Researchers in the Oregon State University College of Engineering have harnessed the power of artificial intelligence to help protect bees from pesticides.

Cory Simon, assistant professor of chemical engineering, and Xiaoli Fern, associate professor of computer science, led the project, which involved training a machine learning model to predict whether any proposed new herbicide, fungicide or insecticide would be toxic to honey bees based on the compound’s molecular structure.

The findings, featured on the cover of The Journal of Chemical Physics in a special issue, “Chemical Design by Artificial Intelligence,” are important because many fruit, nut, vegetable and seed crops rely on bee pollination.

Without bees to transfer the pollen needed for reproduction, almost 100 commercial crops in the United States would vanish. Bees’ global economic impact is annually estimated to exceed $100 billion.

“Pesticides are widely used in agriculture, which increase crop yield and provide food security, but pesticides can harm off-target species like bees,” Simon said. “And since insects, weeds, etc. eventually evolve resistance, new pesticides must continually be developed, ones that don’t harm bees.”

Graduate students Ping Yang and Adrian Henle used honey bee toxicity data from pesticide exposure experiments, involving nearly 400 different pesticide molecules, to train an algorithm to predict if a new pesticide molecule would be toxic to honey bees.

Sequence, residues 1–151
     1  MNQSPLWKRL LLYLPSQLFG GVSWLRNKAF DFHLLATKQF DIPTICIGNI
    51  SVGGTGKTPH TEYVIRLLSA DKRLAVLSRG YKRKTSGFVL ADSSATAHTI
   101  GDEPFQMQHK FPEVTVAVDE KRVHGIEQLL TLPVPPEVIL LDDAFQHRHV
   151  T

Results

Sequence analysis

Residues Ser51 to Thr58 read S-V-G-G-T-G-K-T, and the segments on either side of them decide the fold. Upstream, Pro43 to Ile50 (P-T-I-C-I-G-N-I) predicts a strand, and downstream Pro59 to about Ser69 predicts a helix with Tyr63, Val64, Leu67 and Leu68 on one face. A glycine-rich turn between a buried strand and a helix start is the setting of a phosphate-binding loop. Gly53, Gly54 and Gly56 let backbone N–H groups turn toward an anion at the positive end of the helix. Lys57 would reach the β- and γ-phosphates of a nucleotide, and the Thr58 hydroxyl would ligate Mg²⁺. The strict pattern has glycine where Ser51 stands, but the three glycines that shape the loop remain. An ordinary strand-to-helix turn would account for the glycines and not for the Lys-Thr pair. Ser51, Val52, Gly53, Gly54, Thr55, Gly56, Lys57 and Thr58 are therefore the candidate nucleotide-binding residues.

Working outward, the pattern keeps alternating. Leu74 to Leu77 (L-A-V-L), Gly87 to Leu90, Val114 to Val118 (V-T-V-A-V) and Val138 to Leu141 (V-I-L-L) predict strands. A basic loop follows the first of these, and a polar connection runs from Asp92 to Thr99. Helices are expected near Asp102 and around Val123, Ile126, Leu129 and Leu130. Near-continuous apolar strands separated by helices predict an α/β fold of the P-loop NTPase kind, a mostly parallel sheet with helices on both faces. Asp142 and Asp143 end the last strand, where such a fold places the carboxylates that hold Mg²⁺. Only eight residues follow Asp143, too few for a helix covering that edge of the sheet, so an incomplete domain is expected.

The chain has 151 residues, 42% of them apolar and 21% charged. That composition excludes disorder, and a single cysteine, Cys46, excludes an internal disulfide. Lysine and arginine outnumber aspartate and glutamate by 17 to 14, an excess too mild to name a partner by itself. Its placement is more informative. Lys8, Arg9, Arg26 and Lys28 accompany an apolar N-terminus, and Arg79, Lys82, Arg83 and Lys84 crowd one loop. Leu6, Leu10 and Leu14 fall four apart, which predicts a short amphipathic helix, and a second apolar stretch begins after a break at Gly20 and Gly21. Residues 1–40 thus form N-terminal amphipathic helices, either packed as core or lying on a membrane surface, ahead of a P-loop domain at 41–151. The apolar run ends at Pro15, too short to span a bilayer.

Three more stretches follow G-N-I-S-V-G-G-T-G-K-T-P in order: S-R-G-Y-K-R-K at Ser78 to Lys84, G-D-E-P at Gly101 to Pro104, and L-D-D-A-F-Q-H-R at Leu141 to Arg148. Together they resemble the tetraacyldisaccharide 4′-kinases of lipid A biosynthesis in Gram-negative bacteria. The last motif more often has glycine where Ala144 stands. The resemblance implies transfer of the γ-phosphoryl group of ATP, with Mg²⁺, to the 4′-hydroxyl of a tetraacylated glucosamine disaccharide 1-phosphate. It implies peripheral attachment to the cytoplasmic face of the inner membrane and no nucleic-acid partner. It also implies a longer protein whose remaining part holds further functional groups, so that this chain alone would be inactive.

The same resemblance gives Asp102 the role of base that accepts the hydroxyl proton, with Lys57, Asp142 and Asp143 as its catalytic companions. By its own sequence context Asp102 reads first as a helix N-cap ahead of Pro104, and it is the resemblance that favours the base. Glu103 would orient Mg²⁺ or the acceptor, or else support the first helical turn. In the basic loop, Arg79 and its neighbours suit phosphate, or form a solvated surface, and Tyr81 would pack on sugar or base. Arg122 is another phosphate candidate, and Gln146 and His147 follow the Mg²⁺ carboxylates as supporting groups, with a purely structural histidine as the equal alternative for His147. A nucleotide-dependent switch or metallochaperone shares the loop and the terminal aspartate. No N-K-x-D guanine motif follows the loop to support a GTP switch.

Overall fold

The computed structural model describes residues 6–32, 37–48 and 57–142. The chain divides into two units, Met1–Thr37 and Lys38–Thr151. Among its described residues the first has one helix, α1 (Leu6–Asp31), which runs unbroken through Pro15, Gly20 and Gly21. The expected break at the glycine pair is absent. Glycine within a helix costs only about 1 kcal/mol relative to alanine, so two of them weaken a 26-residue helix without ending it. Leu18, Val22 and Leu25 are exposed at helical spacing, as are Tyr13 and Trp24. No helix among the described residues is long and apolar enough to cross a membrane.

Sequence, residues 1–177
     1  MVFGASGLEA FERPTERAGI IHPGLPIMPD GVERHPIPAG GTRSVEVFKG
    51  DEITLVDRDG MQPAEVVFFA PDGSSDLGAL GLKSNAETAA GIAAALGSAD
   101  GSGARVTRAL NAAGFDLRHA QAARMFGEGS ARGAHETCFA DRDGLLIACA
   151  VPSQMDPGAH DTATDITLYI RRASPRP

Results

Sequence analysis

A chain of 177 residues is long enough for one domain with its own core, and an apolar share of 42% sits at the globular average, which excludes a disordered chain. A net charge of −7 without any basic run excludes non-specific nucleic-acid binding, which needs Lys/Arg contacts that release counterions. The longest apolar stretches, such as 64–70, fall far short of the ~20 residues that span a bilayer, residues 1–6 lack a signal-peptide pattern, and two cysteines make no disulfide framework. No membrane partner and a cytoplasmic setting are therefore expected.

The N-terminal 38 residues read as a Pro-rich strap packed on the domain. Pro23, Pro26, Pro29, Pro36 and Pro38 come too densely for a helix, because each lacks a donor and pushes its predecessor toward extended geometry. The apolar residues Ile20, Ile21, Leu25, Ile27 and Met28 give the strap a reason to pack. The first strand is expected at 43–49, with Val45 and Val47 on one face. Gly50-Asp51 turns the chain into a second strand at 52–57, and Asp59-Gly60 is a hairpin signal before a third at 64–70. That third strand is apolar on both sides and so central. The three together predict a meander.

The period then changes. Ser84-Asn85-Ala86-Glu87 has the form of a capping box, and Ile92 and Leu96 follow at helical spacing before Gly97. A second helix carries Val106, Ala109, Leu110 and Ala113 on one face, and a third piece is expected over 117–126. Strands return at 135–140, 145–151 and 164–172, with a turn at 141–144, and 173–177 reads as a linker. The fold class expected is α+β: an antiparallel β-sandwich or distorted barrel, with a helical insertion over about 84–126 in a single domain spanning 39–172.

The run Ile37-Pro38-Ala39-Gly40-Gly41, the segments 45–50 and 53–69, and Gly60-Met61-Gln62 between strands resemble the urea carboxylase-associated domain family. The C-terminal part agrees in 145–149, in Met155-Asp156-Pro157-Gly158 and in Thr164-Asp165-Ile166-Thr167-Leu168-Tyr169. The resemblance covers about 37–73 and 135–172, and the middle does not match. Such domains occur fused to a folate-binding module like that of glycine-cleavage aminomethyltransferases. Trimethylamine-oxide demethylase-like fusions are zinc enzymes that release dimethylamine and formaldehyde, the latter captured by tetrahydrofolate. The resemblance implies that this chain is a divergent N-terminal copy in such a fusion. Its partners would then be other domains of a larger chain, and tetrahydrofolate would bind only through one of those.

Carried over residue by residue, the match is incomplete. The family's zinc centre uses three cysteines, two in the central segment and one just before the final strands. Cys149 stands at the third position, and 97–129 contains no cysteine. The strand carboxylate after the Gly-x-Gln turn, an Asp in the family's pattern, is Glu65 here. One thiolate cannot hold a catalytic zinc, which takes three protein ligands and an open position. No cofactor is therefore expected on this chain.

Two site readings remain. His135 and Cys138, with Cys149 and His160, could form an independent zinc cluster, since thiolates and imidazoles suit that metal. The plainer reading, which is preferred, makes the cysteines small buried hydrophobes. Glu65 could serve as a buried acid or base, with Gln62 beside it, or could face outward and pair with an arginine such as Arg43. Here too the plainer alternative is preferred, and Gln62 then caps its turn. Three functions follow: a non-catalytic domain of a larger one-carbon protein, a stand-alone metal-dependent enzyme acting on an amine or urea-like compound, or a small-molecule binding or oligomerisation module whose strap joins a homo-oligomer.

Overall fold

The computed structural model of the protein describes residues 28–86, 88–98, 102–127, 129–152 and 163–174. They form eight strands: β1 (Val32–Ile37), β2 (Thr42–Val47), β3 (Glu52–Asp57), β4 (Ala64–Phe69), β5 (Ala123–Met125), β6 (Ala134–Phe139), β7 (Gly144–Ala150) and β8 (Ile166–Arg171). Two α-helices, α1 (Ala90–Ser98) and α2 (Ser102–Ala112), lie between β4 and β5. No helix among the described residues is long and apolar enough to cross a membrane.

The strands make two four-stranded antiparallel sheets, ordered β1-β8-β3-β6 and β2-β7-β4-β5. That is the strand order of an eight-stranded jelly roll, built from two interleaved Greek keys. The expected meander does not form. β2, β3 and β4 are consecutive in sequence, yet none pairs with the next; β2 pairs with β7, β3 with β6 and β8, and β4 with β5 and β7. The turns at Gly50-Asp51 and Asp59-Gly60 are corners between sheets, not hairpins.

“The model represents pesticide molecules by the set of random walks on their molecular graphs,” Yang said.

A random walk is a mathematical concept that describes any meandering path, such as on the complicated chemical structure of a pesticide, where each step along the path is decided by chance, as if by coin tosses.

Imagine, Yang explains, that you’re out for an aimless stroll along a pesticide’s chemical structure, making your way from atom to atom via the bonds that hold the compound together. You travel in random directions but keep track of your route, the sequence of atoms and bonds that you visit. Then you go out on a different molecule, comparing the series of twists and turns to what you’ve done before.

“The algorithm declares two molecules similar if they share many walks with the same sequence of atoms and bonds,” Yang said. “Our model serves as a surrogate for a bee toxicity experiment and can be used to quickly screen proposed pesticide molecules for their toxicity.”

The National Science Foundation supported this research.

Story Source:

Materials provided by Oregon State University. Original written by Steve Lundeberg. Note: Content may be edited for style and length.